Consequently, the claims failed to satisfy the second prong of Alice, and were rendered ineligible as a result.
This case provides yet another illustration of how a technical tool, when not claimed properly, can be deemed non-technical by a reviewing court. Granted, the claims here were drafted well before the Alice decision and satisfied the USPTO's requirements at that time, so we should not criticize their author too harshly.
An argument that might have been more viable than those presented in this case was that the claims were not directed to a fundamental building block or scientific tool -- instead they recited an arrangement of a number of such tools (e.g., HDL specifications, control flow logic, and the mapping thereof into digital logic). Still, such a point may have been dead on arrival due to the patentee's admissions that the claimed invention could be and had been performed manually.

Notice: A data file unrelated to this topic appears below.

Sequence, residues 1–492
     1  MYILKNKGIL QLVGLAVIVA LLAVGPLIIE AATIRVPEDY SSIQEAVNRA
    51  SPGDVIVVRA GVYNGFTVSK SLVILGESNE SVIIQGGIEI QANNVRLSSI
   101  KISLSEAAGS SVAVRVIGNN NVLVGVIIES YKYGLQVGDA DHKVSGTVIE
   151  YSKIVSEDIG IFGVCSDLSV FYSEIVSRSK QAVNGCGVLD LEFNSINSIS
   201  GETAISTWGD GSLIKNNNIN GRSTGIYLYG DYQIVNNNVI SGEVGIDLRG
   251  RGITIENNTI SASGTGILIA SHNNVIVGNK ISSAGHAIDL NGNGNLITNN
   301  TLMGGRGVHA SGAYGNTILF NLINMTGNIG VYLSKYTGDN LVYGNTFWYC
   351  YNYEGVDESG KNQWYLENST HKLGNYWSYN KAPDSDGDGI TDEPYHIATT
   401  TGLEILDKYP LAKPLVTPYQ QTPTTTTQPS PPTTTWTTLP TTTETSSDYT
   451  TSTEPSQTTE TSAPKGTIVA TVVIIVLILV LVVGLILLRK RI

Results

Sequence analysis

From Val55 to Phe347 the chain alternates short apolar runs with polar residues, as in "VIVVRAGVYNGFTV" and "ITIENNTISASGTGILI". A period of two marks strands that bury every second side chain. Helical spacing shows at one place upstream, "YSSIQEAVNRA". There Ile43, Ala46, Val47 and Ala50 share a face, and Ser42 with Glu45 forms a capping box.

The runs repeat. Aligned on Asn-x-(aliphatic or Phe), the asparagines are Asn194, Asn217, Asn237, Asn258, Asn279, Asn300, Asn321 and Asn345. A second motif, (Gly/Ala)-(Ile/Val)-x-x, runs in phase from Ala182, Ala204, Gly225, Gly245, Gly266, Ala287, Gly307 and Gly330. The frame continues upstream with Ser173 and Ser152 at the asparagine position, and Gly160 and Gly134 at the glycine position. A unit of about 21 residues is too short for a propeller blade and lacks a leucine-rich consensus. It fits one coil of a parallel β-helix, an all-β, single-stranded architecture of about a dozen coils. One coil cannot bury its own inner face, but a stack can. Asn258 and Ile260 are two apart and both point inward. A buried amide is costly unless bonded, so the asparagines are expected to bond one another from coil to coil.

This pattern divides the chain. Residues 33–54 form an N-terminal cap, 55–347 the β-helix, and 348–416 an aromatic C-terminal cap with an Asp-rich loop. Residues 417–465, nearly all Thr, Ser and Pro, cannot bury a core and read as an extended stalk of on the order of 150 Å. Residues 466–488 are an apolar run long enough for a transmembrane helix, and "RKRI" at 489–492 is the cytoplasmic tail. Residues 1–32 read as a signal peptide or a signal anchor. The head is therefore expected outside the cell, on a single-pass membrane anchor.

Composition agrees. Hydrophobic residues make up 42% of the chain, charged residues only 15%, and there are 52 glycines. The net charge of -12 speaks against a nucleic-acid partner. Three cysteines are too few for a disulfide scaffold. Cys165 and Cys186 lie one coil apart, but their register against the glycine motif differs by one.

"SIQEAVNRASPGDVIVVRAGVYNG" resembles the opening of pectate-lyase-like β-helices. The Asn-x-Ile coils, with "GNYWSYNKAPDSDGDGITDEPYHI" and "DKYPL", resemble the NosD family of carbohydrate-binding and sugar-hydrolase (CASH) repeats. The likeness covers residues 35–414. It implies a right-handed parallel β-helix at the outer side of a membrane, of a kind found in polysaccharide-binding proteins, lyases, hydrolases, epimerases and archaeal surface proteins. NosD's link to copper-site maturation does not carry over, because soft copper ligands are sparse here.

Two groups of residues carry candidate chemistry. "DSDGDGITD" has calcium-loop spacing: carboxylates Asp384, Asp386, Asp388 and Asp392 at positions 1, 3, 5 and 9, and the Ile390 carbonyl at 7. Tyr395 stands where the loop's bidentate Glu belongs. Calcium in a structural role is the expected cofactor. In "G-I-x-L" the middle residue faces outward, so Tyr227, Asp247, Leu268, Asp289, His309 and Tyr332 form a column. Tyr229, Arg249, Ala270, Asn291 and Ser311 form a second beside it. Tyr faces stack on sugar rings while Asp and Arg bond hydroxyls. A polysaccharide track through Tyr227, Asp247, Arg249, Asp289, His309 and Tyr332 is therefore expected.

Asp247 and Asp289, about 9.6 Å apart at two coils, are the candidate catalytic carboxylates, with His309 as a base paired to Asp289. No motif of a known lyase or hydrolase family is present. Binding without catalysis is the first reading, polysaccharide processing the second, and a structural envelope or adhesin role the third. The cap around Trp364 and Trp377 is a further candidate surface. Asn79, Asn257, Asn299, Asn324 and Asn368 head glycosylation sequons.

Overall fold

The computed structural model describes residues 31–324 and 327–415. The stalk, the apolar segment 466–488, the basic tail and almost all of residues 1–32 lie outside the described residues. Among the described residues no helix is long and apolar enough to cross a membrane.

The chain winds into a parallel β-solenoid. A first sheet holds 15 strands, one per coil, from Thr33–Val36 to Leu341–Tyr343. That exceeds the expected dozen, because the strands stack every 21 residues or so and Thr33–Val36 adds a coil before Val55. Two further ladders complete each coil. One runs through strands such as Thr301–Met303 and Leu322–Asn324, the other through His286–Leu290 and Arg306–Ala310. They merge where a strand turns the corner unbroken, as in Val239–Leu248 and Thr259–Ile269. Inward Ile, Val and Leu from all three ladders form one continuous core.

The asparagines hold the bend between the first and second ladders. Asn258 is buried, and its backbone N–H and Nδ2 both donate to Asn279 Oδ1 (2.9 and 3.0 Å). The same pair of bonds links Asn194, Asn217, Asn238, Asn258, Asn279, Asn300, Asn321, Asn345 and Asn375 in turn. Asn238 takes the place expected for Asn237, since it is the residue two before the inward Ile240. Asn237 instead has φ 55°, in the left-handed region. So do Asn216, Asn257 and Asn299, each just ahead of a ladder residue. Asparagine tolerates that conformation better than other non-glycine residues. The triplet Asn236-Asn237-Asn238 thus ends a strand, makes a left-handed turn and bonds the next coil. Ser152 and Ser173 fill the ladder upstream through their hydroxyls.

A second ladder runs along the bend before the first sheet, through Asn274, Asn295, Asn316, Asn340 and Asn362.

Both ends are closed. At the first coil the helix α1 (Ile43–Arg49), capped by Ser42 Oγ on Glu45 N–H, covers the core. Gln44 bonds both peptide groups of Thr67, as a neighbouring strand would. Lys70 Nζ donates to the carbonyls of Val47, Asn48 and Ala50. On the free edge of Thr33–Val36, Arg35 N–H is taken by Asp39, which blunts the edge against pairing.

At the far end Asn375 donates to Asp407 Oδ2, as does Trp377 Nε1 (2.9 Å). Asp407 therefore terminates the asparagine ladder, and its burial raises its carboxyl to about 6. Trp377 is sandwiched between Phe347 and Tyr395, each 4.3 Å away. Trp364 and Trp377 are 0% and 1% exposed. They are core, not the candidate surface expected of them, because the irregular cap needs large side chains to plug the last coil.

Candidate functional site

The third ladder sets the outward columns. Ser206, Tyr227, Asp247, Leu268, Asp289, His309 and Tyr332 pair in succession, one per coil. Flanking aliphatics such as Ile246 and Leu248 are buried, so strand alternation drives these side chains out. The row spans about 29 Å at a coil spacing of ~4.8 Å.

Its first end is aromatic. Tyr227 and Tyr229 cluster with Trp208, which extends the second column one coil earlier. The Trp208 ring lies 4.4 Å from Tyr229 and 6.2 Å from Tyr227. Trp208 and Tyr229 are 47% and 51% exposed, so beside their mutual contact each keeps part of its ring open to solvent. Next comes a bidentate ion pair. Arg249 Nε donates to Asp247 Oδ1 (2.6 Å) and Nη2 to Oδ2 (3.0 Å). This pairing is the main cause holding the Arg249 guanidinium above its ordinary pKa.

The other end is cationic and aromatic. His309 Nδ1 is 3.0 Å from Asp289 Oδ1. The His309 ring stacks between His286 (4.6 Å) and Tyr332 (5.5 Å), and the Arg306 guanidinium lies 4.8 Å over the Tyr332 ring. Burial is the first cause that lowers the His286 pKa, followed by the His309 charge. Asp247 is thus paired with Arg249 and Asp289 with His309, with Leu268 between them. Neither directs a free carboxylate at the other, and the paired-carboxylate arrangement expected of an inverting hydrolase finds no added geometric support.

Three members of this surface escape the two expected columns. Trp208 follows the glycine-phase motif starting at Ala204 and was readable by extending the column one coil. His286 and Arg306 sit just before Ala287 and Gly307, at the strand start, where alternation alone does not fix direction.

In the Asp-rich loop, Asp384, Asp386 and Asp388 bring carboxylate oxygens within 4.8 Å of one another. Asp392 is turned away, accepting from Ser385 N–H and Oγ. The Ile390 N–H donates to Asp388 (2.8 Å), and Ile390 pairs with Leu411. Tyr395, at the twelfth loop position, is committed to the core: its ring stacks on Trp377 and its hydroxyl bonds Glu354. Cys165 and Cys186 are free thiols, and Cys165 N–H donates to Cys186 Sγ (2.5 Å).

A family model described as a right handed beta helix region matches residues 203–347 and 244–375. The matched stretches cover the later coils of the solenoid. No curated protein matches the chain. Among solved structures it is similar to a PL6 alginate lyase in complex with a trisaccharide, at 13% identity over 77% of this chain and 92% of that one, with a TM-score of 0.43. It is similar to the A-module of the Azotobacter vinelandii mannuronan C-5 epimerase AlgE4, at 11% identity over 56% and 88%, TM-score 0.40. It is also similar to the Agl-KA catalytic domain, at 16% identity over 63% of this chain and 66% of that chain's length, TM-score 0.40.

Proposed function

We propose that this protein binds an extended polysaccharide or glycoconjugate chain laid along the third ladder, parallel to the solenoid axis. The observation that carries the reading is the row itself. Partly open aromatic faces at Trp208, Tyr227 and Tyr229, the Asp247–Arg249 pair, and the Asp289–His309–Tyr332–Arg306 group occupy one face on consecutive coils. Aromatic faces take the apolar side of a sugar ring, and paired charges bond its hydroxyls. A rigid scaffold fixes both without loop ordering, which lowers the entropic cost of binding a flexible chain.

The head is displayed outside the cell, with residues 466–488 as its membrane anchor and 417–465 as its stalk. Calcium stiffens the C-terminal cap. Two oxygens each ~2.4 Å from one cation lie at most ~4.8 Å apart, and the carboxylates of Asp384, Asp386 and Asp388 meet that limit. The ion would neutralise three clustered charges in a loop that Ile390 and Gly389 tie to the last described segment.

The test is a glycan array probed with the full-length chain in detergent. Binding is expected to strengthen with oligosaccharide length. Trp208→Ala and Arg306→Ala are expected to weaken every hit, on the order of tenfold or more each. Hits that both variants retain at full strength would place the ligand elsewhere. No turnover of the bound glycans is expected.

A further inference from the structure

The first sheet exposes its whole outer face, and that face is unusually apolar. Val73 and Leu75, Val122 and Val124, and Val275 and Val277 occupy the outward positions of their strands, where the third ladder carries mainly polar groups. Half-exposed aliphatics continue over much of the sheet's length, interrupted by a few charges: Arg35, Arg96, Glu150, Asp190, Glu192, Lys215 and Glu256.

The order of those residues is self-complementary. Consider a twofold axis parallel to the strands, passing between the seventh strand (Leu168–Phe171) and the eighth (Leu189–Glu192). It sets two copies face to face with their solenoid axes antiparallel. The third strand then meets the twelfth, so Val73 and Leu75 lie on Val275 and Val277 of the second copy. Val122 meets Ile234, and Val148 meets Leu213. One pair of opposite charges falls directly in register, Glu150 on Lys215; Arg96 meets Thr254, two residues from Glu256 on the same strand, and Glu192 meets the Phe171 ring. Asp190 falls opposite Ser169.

Which brings us to that very issue. In McRO, the Federal Circuit appeared to take the position that there is a difference between merely automating a known manual process and automating a process that is not known to have been previously performed manually. Namely, the former is not patent-eligible while the opposite can be true for the latter. This case does not contradict McRO's holding, as the Court repeatedly emphasized evidence that the inventors had been performing the claimed process manually. Nonetheless, this is an area that the Federal Circuit should clarify, as a distinction between the eligibility of processes that have been performed manually and processes that theoretically could be performed manually may provide ways of protecting complex software inventions that, in practice, require computer implementation to provide results of any significance.
Synopsys, Inc. v. Mentor Graphics Corp. (Fed. Cir. 2016)
Panel: Circuit Judges Lourie, Moore, and Chen
Opinion by Circuit Judge Chen